An electrifying portrait of Brazil’s fraught contemporary moment that blends documentary with narrative and genre elements, Dry Ground Burning reunites filmmakers Joana Pimenta and Adirley Queirós (Once There Was Brasilia) to offer a unique vision of the country’s possible future. Just out of prison, Léa (Léa Alves da Silva) returns home to the Brasilia favela of Sol Nascente and relives her past experiences with her half-sister Chitara (Joana Darc Furtado), the fearless leader of an all-female gang that once stole and refined oil from underground pipes and sold gasoline to a clandestine network of motorcyclists. Living in constant opposition to Jair Bolsonaro’s fiercely authoritarian and militarized government, Chitara’s women claim the streets for themselves as a declaration of radical political resistance on behalf of the incarcerated and the oppressed.


A Time for Burning


With extraordinary access and unflinching frankness, this remarkable, underseen documentary offers an X-ray of the soul of a divided America working through the social shockwaves of the civil rights movement. The film chronicles the struggles of Rev. L. William Youngdahl, pastor of the Augustana Lutheran Church in Omaha, Nebraska, as he tries to persuade members of his all-white congregation to reach out to their Black neighbors in an attempt to right some of the wrongs of systemic racism. A Time for Burning captures both the resistance of the white churchgoers, who speak candidly about their fears of integration, and the incisive perspectives of the Black residents (including firebrand activist and future state senator Ernie Chambers) who see through the hypocrisy of the church.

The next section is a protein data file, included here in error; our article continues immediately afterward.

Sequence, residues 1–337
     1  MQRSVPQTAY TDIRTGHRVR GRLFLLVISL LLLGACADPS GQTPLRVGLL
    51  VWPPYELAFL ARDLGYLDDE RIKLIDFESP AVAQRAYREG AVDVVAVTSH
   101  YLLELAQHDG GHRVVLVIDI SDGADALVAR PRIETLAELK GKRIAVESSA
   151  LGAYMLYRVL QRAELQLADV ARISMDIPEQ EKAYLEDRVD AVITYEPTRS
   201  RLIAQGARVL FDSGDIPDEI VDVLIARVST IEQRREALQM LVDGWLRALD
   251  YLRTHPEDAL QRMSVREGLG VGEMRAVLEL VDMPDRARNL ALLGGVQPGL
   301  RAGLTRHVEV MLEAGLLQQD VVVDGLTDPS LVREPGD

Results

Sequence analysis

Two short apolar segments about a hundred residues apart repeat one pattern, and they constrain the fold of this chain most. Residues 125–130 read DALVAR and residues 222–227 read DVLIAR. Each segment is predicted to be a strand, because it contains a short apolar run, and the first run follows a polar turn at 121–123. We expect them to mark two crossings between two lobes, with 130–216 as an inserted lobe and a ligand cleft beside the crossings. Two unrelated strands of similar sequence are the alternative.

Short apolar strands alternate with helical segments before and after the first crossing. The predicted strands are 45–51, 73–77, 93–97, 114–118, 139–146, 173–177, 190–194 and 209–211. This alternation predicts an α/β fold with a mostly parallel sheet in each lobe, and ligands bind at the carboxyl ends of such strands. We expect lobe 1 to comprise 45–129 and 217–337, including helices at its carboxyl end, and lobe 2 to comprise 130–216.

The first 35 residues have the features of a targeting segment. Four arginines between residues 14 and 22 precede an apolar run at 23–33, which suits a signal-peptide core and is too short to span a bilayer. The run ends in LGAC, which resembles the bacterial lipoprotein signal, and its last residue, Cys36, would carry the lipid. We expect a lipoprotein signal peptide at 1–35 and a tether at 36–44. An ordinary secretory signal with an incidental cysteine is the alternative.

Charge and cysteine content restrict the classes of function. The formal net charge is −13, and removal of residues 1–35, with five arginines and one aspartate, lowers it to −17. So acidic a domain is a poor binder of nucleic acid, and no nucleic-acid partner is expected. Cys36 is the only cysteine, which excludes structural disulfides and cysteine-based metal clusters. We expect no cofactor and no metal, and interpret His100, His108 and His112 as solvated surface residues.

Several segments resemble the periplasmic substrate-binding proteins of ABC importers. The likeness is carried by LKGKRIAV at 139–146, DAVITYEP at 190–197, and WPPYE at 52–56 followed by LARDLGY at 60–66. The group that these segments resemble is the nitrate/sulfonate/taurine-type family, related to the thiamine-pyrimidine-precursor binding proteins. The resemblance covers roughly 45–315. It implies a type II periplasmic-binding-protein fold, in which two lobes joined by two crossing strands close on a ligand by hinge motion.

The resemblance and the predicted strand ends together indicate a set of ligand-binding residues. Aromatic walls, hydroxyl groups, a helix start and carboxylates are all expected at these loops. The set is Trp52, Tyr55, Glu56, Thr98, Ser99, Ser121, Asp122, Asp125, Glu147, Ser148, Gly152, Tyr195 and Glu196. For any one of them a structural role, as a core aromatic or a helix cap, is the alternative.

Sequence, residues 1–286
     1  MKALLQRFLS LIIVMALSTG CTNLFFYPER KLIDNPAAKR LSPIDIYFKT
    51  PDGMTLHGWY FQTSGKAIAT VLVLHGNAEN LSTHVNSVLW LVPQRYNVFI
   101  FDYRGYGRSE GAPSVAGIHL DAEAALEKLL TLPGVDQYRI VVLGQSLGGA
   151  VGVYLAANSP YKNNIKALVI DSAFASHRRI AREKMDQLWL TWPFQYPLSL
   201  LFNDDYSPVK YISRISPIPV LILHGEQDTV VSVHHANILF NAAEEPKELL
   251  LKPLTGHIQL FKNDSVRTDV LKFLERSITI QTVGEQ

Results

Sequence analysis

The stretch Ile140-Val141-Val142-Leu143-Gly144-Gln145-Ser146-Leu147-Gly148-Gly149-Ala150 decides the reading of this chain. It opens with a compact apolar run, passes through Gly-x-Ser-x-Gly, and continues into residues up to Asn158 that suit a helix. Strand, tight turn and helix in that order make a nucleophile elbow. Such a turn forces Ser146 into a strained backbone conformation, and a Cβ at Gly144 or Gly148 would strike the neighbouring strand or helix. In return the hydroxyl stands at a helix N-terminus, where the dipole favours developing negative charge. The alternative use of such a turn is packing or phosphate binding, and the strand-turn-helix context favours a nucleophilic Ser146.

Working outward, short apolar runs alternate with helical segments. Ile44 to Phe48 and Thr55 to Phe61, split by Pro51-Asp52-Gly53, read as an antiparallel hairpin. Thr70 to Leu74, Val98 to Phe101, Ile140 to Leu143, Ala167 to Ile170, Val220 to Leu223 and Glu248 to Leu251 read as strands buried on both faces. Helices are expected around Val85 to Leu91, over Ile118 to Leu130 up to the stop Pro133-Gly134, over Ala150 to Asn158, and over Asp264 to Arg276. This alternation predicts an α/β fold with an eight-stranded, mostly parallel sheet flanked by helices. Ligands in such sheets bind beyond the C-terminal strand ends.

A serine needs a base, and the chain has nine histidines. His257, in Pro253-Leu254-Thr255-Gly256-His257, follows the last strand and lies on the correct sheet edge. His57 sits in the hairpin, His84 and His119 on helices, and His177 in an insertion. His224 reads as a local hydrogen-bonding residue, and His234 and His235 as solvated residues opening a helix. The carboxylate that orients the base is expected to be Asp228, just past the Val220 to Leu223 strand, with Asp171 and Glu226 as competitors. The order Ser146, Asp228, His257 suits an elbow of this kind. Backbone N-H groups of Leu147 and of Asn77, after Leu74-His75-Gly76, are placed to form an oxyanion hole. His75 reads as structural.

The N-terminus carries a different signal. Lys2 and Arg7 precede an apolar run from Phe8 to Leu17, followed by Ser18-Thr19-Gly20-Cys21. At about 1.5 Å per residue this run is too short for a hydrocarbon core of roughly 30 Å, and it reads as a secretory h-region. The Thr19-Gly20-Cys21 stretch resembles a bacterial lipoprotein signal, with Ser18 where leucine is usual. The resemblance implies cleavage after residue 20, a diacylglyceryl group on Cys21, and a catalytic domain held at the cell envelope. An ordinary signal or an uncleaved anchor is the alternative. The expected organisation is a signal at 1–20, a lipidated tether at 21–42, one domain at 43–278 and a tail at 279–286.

Hopping Vampires of Hong Kong


They’re undead, unstoppable, and hopping mad! Meet the bouncing, bloodsucking stars of Hong Kong’s most outrageous martial-arts horror comedies. Far removed from the suave vampires of Western mythology, these zombie fiends, derived from Taoist folklore, are distinguished by their deathly pallor and pogo-stick method of chasing down their victims—with typically only a majestically unibrowed priest capable of kung-fu kicking them back into the afterlife. Guided by the goofball vision of the great Sammo Hung—who directed the OG hopping vampire flick Encounters of the Spooky Kind and produced the genre’s delirious apotheosis, the popular Mr. Vampire franchise—these blissfully bonkers films exemplify the gleeful creativity and go-for-broke insanity that elevated Hong Kong genre cinema in its golden age.